U.N. Secretary-General Antonio Guterres is visiting Israel and Palestine to discuss ways to revive the peace process.
Spokesman Stephane Dujarric says Guterres arrived Sunday evening. He is set to meet Israeli and Palestinian leaders during his three-day visit, his first since taking office.
Dujarric said in an email that the visit will allow Guterres "to engage directly with Israeli and Palestinian people and their leaders" about "finding a long overdue peaceful resolution to the conflict."
The visit comes at a time of Israel-U.N. tensions.
The U.N. cultural agency has adopted a resolution on East Jerusalem that caused Israel to suspend its cooperation with the agency. The resolution asserted that Jerusalem is holy to the three monotheistic religions: Judaism, Islam and Christianity.
However, it denies the Jewish connection to the Al-Aqsa Mosque complex, which Jews refer to as the "Temple Mount." It also strongly condemned what it described as "escalating Israeli aggression and illegal measures" against the organization and its personnel and violations of Muslims' rights to worship at the site.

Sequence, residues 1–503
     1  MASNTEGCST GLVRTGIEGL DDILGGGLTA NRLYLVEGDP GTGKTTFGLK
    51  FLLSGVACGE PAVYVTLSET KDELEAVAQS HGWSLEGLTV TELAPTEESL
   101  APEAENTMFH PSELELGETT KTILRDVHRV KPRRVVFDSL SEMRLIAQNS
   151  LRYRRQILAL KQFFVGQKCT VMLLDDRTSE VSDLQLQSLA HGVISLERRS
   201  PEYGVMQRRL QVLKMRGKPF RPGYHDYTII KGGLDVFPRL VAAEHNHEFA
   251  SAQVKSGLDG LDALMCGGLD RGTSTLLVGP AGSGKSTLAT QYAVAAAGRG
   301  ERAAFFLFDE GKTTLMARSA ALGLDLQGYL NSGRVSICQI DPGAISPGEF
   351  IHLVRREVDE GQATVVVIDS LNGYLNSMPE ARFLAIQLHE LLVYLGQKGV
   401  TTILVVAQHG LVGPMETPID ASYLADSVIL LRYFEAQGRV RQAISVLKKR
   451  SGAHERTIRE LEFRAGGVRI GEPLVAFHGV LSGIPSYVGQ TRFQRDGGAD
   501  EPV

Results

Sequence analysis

After the 1967 war, Israel annexed east Jerusalem and deems the entire city its "indivisible and eternal capital," a status not recognized internationally. Israel pulled out of Gaza in 2005, and it is now ruled by Hamas.
The international community regards all Israeli settlements in occupied Palestinian territories to be illegal and a major obstacle to Middle East peace. The area, captured by Israel in 1967, is not sovereign Israeli territory, and Palestinians there are not Israeli citizens and do not have the right to vote.
Palestinians accuse Israel of waging an aggressive campaign to "Judaize" the historic city with the aim of effacing its Arab and Islamic identity and driving out its Palestinian inhabitants.